Nutrition Spain , León, Wednesday, April 15 of 2015, 16:26

Cases of infection by Janibacter terrae in humans are published for the first time

The study published in the ‘Infection’ journal shows that this bacteria is not only present in the environment, as up to now it had been exclusively isolated from the soil

Cristina G. Pedraz/DICYT Researchers from the departments of Clinical Microbiology and Internal Medicine of the University Welfare Complex of León, the Institute of Biomedicine of the University of León (IBIOMED), the National Microbiology Centre of the Carlos III Health Institute, and the University School of Physiotherapy of the Spanish Organisation for the Blind (Organización Nacional de Ciegos Españoles, ONCE) of Madrid have published for the first time four cases of bacteremia (the presence of bacteria in the blood) owing to Janibacter terrae in humans.

The study published in the Infection journal shows that Janibacter terrae is not only present in the environment, as up to now it had been exclusively isolated from the soil.

The main author of the article, the researcher of the Department of Clinical Microbiology of the León Welfare Complex and of the IBIOMED Dr Isabel Fernández Natal, explains that up to now only two cases had been reported of the isolation of microorganisms belonging to the genus Janibacter from human samples. The first case was a bacteremia owing to an undescribed species of Janibacter in a patient diagnosed as suffering from myeloid leukaemia, and the second was a bacteremia caused by J. melonis in a patient with low-grade fever and without a base disease.

In this study the researchers provide exhaustive microbiological and clinical data on four fevered patients studied over a three-year period, during which J. terrae was isolated from blood cultures (bacteremia). The patients studied showed base pathologies such as chronic obstructive pulmonary disease with acute bronchitis, diabetes, non Hodgkin's lymphoma, and gastric cancer with hepatic metastasis. On the other hand, "it is the first time that antibiotic awareness data have been provided in this field”.

The isolations were obtained as from two consecutive blood samples from each patient. Phenotypic identification methods were used (commercial methods and conventional complementary tests) and genotypic ones (the amplification and sequencing of ADN fragments). All patients were treated with antibiotics; two of them evolved favourably and were subsequently cured while two others died, the latter having had a serious base pathology.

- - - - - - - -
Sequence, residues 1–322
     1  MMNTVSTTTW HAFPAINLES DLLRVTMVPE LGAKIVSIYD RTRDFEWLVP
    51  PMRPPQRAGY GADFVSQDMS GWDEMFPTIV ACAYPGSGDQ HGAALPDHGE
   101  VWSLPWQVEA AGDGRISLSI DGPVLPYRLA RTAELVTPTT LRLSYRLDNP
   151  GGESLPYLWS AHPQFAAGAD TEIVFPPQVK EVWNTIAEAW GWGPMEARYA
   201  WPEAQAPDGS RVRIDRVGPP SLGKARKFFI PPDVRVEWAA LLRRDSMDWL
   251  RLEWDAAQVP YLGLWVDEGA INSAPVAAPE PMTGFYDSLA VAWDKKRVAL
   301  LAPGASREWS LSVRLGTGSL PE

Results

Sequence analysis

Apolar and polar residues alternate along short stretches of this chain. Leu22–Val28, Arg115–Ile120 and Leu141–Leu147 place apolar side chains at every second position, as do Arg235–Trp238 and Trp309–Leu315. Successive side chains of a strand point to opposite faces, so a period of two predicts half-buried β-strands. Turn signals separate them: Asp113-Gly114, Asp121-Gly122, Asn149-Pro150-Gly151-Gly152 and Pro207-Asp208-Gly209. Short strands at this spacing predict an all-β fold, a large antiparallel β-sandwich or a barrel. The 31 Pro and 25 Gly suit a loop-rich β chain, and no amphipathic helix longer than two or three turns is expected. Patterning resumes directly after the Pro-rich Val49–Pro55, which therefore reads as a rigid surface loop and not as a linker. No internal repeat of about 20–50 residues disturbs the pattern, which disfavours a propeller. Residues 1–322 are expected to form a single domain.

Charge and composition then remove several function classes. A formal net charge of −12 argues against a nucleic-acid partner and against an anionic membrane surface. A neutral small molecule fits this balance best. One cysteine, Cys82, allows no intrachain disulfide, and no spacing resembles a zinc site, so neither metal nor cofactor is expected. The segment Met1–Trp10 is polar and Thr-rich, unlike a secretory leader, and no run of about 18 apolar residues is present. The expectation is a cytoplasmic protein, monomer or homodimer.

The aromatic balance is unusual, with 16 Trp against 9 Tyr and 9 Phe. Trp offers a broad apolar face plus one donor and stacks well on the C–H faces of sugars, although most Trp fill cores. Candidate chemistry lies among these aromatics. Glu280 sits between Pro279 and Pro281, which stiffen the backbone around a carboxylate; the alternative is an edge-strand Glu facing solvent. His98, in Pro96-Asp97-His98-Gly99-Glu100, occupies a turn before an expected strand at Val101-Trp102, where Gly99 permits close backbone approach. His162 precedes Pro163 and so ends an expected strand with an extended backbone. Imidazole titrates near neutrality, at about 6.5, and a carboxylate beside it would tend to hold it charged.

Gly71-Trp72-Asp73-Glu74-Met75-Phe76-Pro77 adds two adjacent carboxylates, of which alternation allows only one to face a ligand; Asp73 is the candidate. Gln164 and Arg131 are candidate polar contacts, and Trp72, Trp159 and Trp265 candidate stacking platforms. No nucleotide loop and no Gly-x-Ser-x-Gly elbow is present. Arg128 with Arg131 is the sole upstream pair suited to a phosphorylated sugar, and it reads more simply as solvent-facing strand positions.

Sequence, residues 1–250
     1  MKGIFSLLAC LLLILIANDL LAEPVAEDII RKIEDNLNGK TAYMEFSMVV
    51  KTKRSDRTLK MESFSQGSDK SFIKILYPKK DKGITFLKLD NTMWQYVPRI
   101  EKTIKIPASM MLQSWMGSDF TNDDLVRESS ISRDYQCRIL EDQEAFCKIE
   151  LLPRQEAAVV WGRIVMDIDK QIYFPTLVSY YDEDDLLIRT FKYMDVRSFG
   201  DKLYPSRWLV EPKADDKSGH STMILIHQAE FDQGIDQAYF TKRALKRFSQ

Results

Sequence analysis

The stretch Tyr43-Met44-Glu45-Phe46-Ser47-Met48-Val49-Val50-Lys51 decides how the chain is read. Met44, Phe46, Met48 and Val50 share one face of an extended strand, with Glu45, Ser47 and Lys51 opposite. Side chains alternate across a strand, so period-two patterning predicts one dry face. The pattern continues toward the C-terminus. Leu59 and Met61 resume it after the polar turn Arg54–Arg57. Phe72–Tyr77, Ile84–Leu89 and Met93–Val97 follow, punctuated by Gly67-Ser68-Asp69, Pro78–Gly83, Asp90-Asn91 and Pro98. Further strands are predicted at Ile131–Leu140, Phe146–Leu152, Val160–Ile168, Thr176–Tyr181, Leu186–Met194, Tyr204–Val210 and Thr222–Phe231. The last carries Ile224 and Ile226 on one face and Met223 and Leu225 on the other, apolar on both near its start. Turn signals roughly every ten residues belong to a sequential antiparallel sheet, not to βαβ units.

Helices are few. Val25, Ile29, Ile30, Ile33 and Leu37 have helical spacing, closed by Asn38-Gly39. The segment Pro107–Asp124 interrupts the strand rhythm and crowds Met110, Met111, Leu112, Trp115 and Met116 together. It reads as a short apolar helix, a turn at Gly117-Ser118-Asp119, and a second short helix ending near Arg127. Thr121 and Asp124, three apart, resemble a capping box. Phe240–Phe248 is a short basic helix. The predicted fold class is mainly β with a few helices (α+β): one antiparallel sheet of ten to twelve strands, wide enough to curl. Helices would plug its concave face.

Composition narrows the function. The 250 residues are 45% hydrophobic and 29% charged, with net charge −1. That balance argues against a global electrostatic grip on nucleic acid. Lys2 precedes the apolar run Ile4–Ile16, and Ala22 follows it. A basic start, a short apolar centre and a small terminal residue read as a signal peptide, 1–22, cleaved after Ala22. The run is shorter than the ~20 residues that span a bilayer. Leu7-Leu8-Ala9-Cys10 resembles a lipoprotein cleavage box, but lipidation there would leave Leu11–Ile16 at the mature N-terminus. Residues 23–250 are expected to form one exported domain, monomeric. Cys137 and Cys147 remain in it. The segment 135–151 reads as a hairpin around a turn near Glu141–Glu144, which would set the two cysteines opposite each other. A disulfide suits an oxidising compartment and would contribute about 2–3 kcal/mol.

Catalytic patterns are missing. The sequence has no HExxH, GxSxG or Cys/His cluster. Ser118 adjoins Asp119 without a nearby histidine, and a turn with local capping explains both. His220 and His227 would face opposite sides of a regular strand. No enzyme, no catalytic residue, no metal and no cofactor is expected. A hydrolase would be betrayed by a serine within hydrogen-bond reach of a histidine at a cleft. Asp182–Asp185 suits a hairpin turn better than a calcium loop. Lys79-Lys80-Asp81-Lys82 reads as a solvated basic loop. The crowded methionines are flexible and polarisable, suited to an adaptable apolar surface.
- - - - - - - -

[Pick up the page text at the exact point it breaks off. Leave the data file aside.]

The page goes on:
“This is the first publication of four cases of bacteremia owing to Janibacter terrae in humans, showing that it is not only present in the environment. Moreover, J. terrae can be considered to be an opportunist pathogen responsible for bacteremia in patients with a serious base pathology”, Fernández Natal indicates.

Characteristics of the bacteria

The species of the genus Janibacter are aerobic microorganisms, i.e. they need oxygen to live. Their colonies are humid, circular, and convex and range from white to yellow in colour. Optimum growth occurs between 23 and 35 degrees Centigrade.

The genus was described in 1997 from sewage and during its culture has a characteristic two-faced morphology such as the god Janus of Roman mythology (hence its name). This morphology is not however exclusive to this genus as it can also be seen in members of the genera Artrhrobacter and Brevibacterium.
Nine species have so far been described: J. limosus, J. terrae, J. indicus, J. melonis, J. anophelis, J. hoylei, J. corallicola, J. alkaliphilus, and J. cremeus. J. limosus and J. terrae have been isolated from soils contaminated with sewage and J. indicus from hydrothermal sediments of the Indian Ocean. J. corallicola and J. alkaliphilicus have been isolated on coral, and J. melonis, J. anophelis and J. hoylei on plants, insects, and air respectively.

This study has been financed by the Regional Health Management of the Regional Government of Castilla y León by means of Research Project GRS 698/A/2011.




Bibliographical reference:
Fernández-Natal, M. I., Sáez-Nieto, J. A., Medina-Pascual, M. J., Valdezate-Ramos, S., Guerra-Laso, J. M., Rodríguez-Pollán, R. H., y Soriano, F. (2015). “First report of bacteremia by Janibacter terrae in humans”. Infection, 43, 1, 103-106. DOI 10.1007/s15010-014-0672-7